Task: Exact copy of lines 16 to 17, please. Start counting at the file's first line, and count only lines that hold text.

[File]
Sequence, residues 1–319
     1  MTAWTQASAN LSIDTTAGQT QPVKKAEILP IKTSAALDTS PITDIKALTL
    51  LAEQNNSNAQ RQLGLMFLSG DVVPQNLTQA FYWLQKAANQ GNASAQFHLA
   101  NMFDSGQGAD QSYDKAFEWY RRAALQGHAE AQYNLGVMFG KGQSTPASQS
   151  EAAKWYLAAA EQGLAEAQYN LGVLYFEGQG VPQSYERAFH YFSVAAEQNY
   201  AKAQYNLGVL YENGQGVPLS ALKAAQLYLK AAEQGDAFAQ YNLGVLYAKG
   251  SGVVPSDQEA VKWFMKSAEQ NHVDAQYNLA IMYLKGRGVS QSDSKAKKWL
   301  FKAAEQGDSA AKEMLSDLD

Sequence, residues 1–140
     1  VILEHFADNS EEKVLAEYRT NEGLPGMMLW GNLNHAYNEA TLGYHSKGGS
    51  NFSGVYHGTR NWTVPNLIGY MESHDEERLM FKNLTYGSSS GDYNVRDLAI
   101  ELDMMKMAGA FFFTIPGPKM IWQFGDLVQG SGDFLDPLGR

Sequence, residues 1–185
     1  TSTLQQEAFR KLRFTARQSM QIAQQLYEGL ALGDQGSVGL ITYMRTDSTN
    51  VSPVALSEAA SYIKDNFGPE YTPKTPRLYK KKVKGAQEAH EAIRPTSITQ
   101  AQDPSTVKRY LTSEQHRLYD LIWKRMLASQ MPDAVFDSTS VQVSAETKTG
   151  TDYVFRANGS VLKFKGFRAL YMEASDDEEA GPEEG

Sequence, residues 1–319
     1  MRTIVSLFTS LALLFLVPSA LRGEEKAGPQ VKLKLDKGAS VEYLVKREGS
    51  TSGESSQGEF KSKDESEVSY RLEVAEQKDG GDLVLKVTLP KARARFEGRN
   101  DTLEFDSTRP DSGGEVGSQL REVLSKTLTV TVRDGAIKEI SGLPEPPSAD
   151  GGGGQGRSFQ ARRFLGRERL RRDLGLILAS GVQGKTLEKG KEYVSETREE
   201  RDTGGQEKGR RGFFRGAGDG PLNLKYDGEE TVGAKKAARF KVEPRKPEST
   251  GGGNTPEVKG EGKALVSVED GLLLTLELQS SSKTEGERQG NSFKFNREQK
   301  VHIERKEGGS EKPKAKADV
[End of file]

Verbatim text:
   101  AQDPSTVKRY LTSEQHRLYD LIWKRMLASQ MPDAVFDSTS VQVSAETKTG
   151  TDYVFRANGS VLKFKGFRAL YMEASDDEEA GPEEG